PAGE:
At­tack­ing Mus­lims is un-Amer­i­can

The Washington Post Sunday - - SUNDAY OPINION - BY KHIZR KHAN The writer is a board mem­ber of Peo­ple For the Amer­i­can Way.

Dozens of events or­ga­nized un­der the banner “March Against Sharia” were held across the coun­try last month. Or­ga­niz­ers said that the ef­fort was not anti-Mus­lim, but there can be no ques­tion that the cam­paign to de­pict sharia as a threat to the Con­sti­tu­tion, and to pass “anti-sharia” laws at the state level, is about por­tray­ing Amer­i­can Mus­lims as un-Amer­i­can. Such views have had deadly con­se­quences. These anti-sharia marches — or­ga­nized by a group called ACT for Amer­ica, which the South­ern Poverty Law Cen­ter (SPLC) clas­si­fies as an ex­trem­ist anti-Mus­lim or­ga­ni­za­tion — did not take place in a vac­uum. They came shortly af­ter a hor­rific in­ci­dent in Port­land, Ore., in which a white na­tion­al­ist who was scream­ing anti-Mus­lim abuse at two teenage girls bru­tally stabbed three men who stepped in to de­fend them. U.S. Army vet­eran Ricky Best, 53, the fa­ther of four chil­dren, and re­cent col­lege grad­u­ate Taliesin Myrd­din Namkai Meche, 23, were killed.

Our sor­row over these events is com­pounded by know­ing that they are part of a broader real­ity in the United States since Pres­i­dent Trump’s elec­tion, in which ha­rass­ment, in­tim­i­da­tion and phys­i­cal vi­o­lence against Mus­lims, peo­ple wrongly per­ceived to be Mus­lims, and other re­li­gious and eth­nic mi­nori­ties have been on the rise.

Vi­o­lence grounded in ha­tred and ig­no­rance did not be­gin with Trump, of course. I re­mem­ber an in­ci­dent a few years ago when Prab­hjot Singh, a Sikh doc­tor, was knocked from his bike and beaten by a group of peo­ple call­ing him a “ter­ror­ist.”

But there is no ques­tion that things have got­ten worse since Trump took the na­tional spot­light. In the first 10 days af­ter his vic­tory, the SPLC re­ported 867 in­ci­dents of ha­rass­ment and in­tim­i­da­tion. The group also re­ported that the num­ber of anti-Mus­lim hate groups in the United States went from 34 in 2015 to 101 in 2016, while the Coun­cil on Amer­i­can-Is­lamic Re­la­tions re­ported a 57 per­cent in­crease in anti-Mus­lim in­ci­dents over the same year.

Be­hind these num­bers are real peo­ple, sa­cred sites and wounded com­mu­ni­ties. Hate crime charges have been filed against a man ac­cused of set­ting the fire that de­stroyed a mosque in Vic­to­ria, Tex., in Jan­uary. In Fe­bru­ary, a Jewish ceme­tery in St. Louis was van­dal­ized (Mus­lims stepped for­ward to raise funds for re­pairs). In May, African Amer­i­can Richard Collins, a newly com­mis­sioned U.S. Army sec­ond lieu­tenant on the verge of grad­u­at­ing from Bowie State University, was stabbed to death, al­legedly by an­other stu­dent who be­longed to an “alt-Re­ich” white-su­prem­a­cist on­line group.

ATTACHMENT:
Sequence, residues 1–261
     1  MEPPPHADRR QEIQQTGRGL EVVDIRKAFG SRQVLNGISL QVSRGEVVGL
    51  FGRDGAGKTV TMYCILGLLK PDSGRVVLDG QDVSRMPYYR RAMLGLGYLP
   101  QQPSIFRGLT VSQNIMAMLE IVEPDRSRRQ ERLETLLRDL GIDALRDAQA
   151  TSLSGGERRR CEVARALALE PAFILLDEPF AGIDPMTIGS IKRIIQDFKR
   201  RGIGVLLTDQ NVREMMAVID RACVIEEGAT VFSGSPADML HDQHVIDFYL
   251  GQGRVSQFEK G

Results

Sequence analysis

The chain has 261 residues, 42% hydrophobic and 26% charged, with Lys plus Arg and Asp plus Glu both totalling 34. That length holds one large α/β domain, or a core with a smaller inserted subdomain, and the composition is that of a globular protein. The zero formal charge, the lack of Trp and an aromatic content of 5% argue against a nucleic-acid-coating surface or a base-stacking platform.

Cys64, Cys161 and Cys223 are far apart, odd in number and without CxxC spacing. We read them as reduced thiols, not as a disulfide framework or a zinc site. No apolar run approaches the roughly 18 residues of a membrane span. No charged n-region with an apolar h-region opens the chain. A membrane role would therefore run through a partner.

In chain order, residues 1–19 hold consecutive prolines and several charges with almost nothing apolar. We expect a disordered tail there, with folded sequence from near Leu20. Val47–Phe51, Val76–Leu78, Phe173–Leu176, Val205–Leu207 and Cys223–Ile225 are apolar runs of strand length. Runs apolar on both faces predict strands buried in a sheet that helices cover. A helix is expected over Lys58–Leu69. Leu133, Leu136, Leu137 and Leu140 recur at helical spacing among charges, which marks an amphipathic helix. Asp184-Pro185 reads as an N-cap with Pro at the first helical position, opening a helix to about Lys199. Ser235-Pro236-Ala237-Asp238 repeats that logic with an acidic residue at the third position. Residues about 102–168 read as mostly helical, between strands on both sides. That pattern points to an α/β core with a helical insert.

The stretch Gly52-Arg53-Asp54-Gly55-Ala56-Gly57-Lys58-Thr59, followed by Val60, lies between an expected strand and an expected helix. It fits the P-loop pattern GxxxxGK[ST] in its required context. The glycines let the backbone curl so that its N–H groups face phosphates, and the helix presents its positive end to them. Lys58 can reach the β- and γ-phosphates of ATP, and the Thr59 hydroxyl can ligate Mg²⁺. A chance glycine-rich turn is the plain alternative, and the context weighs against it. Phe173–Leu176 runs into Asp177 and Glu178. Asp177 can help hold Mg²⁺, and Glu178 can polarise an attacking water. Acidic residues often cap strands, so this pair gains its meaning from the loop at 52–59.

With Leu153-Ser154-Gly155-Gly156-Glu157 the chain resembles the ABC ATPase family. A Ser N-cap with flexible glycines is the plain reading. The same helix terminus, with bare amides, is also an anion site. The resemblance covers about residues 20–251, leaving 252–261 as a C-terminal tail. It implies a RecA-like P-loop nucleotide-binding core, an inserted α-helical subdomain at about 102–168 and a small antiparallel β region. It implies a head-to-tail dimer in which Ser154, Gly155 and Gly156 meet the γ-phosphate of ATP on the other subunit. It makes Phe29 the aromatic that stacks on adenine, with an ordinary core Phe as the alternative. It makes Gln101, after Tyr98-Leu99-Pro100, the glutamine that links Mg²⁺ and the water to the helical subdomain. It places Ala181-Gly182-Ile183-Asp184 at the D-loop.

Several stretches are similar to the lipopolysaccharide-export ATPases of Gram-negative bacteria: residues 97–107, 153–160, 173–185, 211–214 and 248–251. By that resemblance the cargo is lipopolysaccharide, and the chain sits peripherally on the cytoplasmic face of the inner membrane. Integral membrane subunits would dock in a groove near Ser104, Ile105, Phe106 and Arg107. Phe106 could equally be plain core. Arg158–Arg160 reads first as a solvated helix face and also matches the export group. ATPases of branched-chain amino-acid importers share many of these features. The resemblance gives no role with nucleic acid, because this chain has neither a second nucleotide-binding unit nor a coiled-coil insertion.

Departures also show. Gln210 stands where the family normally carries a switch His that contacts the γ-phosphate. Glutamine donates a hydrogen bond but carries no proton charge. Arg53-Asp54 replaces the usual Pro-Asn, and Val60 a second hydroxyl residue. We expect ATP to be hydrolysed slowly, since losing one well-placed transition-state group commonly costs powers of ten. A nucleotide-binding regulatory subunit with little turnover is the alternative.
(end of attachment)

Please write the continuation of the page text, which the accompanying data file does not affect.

Has our pres­i­dent paused to won­der why his cam­paign and elec­tion have co­in­cided with such at­tacks?

In Vir­ginia, where I live, a Mus­lim teenager was killed last month as she walked with friends near their mosque. It was a hor­rific and sense­less crime that has deeply shaken the com­mu­nity. Po­lice think the killing grew out of a “road rage” dis­pute, but how could you blame Mus­lims for fear­ing that she was tar­geted for her faith? And how could you blame Mus­lims for griev­ing that the Repub­li­can can­di­date for gov­er­nor of Vir­ginia has not been able to bring him­self to re­nounce the sup­port he had sought from a lo­cal Repub­li­can leader who works for ACT for Amer­ica?

The cam­paign against sharia re­flects, at best, a deep mis­un­der­stand­ing of what sharia is and, at worst, a will­ing­ness to blame all Mus­lims for the heinous acts of those few who bru­tal­ize oth­ers in the name of Is­lam. Such mis­placed blame can lead to pil­ing tragedy upon tragedy.

ACT for Amer­ica’s founder, Brigitte Gabriel, had said that a prac­tic­ing Mus­lim who be­lieves the words of the Ko­ran “can­not be a loyal cit­i­zen of the United States.” Lest you think this view is rel­e­gated to the po­lit­i­cal ex­tremes, vir­tu­ally iden­ti­cal lan­guage — “de­vout Mus­lims can­not truth­fully swear the oath to be­come ci­ti­zens of the United States of Amer­ica” — has been used by the Amer­i­can Cen­ter for Law and Jus­tice, whose founder, Jay Seku­low, is part of Trump’s per­sonal le­gal team. As a Mus­lim, a pa­tri­otic Amer­i­can and a Gold Star fa­ther, these false as­ser­tions of­fend me deeply.

Other con­ser­va­tive Chris­tians who rub shoul­ders with prom­i­nent Repub­li­can of­fi­cials have ar­gued that Is­lam is not a re­li­gion but a to­tal­i­tar­ian ide­ol­ogy, and that there­fore Amer­i­can Mus­lims are not pro­tected by the First Amend­ment’s guar­an­tees of re­li­gious lib­erty. Some of those who re­frain from say­ing such things de­cline to speak out against those who do.

This is a dan­ger­ous form of di­vi­sive­ness that is com­pletely con­trary to the spirit and let­ter of the Con­sti­tu­tion. In­tim­i­dat­ing and threat­en­ing com­mu­ni­ties on the ba­sis of their re­li­gion goes against the core val­ues of this coun­try.

ED­UARDO MUNOZ AL­VAREZ/GETTY IM­AGES

Ac­tivists take part in the “March Against Sharia” in June in New York City.

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